Bodies: Life and Death in Music
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some of the reviews I'd read gave the impression of a disjointed narrative, or disapointment that there weren't more a-list celeb anecdotes in here. The writing style sometimes got to me — at times too formal/archaic in tone and every now and then unnecessarily paraphrasing a lyric at the end of a paragraph. The author is clearly great friends with Frank Turner and he show horns the singer into so many pages it’s hilarious.
At least until, distressingly, the author's familial narrative comes crashing down, adding yet more fuel to a blaze of self-immolation. Photograph: Anders Birch/ROCKPHOTO/EPA View image in fullscreen Motörhead’s frontman Lemmy, whose voice had the ‘rattle of someone thirsty for air’. obsessed days and his latest book draws on many of the interviews he conducted in that time and since.It was certainly the least to acknowledge that some idols (Bowie, Prince, Steven Tyler, Iggy Pop, Jimmy Page just off the top of my head) did some extremely shady (illegal? Gutting details, triumphant moments that anyone in the field will have latched to after their first byline, but without the impressive addition of actually meeting the bandmates as Winwood often does.
I really enjoyed the author’s forays into memoir, especially the unbelievable and unjust experience with his dad. The author recounts, in suitably harrowing detail, his own drug-fueled misadventures in music journalism and self-destructive nihilism.To calculate the overall star rating and percentage breakdown by star, we don’t use a simple average. NFL give youngsters schooling in how to handle the change of fame and money - maybe record labels should be looking at a similar idea to ensure that artists aren’t always left to drink themselves to death - when Duff McKagan can be a better role model and support network, you know you should be looking at yourselves when taking your profit share… and please stop with the rock and roll industry misogyny already! The question of what the music industry does next is one it’s started to answer incrementally, concludes a three-years sober Ian, though it’s happened all too slowly. Ian Winwood is a music journalist whose work has appeared in the Daily Telegraph, the Guardian, Kerrang! Hotjar sets this cookie to know whether a user is included in the data sampling defined by the site's pageview limit.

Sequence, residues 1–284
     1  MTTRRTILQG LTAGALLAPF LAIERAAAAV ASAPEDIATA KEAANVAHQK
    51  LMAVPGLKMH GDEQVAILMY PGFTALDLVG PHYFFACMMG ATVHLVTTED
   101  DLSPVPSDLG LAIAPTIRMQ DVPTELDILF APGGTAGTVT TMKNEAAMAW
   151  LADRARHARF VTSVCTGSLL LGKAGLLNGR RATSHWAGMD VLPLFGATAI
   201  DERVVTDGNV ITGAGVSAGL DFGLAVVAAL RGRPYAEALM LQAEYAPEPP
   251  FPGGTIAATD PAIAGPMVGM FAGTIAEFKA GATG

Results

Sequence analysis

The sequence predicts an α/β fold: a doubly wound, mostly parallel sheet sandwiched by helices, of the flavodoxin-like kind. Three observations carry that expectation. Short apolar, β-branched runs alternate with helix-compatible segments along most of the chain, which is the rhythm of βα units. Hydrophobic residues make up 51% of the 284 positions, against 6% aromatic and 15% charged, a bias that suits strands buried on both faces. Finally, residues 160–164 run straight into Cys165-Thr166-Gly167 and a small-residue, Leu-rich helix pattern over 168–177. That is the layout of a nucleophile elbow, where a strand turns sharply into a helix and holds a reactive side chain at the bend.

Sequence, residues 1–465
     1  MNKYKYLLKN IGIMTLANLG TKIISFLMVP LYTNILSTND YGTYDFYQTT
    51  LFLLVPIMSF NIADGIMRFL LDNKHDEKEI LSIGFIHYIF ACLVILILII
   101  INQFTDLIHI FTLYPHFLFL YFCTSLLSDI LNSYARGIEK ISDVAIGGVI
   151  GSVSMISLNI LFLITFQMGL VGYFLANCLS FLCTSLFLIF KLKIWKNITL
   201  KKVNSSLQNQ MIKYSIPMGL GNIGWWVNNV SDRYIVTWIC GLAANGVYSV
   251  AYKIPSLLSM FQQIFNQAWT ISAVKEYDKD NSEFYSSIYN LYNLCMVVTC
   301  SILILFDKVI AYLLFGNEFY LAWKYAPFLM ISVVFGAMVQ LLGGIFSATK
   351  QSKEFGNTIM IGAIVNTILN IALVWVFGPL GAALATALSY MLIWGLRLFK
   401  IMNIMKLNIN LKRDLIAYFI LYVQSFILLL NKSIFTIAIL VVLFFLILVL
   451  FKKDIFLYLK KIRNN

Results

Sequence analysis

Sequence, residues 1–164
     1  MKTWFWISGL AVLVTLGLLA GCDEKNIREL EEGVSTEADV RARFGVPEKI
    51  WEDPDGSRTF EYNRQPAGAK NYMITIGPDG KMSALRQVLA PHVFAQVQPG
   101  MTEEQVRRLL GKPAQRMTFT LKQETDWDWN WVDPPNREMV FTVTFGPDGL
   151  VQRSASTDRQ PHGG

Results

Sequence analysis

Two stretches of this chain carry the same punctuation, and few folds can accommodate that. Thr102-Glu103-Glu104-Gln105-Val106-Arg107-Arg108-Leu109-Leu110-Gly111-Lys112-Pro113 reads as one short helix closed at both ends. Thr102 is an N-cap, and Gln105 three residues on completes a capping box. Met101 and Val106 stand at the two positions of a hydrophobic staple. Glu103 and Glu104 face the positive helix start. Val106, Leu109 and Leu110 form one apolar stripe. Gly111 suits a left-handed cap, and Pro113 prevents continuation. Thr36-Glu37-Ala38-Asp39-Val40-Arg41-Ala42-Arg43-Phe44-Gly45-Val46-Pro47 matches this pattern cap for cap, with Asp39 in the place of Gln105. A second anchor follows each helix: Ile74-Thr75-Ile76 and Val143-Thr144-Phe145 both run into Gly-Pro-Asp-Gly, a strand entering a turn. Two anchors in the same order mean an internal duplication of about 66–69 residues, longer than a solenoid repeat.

This interview is generally considered to be fiction of the journalist and to have never actually occurred.Publication dates are subject to change (although this is an extremely uncommon occurrence overall).